Clergy spouse advice:
• Identify your gifts and be willing to share them with an open and happy heart—on your own, apart from who you are married to. Be yourself—not an appendage of someone else.
• Try not to read cynicism into people’s invitations. Although it might be offered awkwardly, it’s just their desire to involve you in the life of the body of Christ.
• Take the lead in sharing your gifts when appropriate, and where you see a need. Don’t always wait to be asked.
If I were asked to give a metaphor for being a pastor’s spouse, I might choose the story from Matthew 4 where Jesus is tempted in the wilderness. You know, the part where Satan is leading Jesus to a high place and promising him great power in exchange for allegiance.
|Ben McDonald Coltvet enjoys some “cake for the journey” into his own wilderness as a pastor’s spouse.|
I’d start off with a family story about my parents arriving 35 years ago to a windswept prairie church in Canada, U.S. immigrants with a baby boy (my older brother) and open hearts.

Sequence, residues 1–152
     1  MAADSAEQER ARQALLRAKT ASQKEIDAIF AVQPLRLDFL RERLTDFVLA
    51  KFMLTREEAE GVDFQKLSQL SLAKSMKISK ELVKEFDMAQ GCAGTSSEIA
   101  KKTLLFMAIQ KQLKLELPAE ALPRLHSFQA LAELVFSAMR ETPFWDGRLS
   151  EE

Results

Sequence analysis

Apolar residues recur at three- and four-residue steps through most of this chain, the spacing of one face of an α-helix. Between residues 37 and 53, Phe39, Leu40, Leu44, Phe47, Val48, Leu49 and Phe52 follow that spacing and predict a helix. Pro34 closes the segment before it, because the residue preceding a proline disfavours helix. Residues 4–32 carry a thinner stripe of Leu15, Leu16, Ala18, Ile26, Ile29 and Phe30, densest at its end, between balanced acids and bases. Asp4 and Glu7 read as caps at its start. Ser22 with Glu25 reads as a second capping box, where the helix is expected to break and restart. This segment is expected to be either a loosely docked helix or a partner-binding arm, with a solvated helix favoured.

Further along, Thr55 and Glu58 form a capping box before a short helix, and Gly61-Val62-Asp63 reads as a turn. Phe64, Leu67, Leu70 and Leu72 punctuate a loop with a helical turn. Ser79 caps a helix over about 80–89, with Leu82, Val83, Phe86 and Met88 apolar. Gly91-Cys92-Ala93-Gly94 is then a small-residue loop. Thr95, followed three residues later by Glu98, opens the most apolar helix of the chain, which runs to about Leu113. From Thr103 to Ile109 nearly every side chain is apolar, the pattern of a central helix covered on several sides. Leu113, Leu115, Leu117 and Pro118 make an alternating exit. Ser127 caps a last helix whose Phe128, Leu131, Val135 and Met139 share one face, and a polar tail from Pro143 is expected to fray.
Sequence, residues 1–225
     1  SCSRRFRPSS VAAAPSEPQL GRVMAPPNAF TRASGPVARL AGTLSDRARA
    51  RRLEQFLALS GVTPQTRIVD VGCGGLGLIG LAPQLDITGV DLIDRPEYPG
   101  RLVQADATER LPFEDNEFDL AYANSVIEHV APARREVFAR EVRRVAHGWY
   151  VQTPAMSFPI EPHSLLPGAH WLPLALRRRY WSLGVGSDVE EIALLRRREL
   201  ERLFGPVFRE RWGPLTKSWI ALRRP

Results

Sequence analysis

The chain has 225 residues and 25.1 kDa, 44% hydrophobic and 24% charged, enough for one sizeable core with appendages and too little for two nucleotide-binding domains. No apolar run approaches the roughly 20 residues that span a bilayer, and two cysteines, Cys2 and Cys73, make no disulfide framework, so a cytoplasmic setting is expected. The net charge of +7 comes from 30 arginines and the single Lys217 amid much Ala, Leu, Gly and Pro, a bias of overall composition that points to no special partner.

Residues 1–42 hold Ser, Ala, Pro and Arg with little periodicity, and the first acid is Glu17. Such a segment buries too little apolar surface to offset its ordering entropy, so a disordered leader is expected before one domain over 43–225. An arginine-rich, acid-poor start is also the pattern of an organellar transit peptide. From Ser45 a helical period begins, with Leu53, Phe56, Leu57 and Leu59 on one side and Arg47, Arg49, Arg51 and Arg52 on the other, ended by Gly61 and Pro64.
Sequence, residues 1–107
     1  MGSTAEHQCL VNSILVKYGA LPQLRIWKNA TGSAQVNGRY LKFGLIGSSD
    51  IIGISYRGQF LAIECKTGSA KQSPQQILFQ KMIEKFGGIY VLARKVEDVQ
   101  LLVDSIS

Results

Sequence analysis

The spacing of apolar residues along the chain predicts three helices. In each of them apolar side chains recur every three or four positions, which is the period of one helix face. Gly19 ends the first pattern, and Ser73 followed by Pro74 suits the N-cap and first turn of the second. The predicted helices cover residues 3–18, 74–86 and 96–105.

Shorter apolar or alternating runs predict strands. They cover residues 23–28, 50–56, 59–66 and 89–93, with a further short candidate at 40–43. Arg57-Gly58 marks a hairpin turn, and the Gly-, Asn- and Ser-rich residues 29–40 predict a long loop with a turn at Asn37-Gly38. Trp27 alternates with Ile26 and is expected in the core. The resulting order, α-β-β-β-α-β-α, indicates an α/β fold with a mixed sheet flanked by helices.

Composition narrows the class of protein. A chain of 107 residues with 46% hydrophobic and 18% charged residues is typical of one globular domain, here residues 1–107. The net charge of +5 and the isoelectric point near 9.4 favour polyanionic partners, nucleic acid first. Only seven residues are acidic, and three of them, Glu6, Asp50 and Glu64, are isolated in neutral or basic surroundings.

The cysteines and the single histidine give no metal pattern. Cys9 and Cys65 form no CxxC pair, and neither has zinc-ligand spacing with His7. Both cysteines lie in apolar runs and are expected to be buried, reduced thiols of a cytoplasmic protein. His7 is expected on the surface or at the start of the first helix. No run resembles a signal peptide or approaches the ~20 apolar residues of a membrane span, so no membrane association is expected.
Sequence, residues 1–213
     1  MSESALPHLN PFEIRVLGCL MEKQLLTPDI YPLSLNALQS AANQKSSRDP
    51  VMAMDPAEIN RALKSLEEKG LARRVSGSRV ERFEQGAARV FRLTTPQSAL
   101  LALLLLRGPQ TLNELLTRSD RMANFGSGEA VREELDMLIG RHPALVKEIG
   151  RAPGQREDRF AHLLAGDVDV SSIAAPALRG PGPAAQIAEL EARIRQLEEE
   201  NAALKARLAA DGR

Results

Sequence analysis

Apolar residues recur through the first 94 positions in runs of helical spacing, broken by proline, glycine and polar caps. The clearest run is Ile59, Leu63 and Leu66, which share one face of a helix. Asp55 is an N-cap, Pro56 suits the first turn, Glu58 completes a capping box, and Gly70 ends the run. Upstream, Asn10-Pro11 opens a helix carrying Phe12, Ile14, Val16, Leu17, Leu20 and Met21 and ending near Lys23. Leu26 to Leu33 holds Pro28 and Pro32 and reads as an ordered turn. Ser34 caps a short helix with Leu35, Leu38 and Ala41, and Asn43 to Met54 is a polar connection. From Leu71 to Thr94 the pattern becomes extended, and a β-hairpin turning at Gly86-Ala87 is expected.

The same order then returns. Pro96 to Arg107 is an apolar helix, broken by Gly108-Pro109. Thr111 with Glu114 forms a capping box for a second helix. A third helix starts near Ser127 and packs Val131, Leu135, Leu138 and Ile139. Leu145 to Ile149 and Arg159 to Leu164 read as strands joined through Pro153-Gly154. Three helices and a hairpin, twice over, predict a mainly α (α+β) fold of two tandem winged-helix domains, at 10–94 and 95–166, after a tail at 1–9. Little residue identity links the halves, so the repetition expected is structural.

They were embraced by this congregation of hardy German farmers. But soon after the pantry in the parsonage was stocked and the welcomes had died down, a small group came to the new pastor’s wife (my mother) and asked, “Would you direct our choir? You have such a beautiful voice and fine musical training.”
My mother, Margit Coltvet, didn’t give in to the temptation—and it was a very good thing. The job was already taken, but a few members were looking for a way to oust the current director. Rather than stepping into the middle of a brewing conflict, my mother took a different path.
Fast-forward a few decades and I’m the new pastor’s spouse accompanying my wife, Joy, to her first call in southeast Wisconsin. Many things have changed in the intervening years—even the title, “pastor’s spouse,” is different, although some of the older men in the congregation insisted on calling me the pastor’s “wife” once or twice with a wink and an elbow jab.
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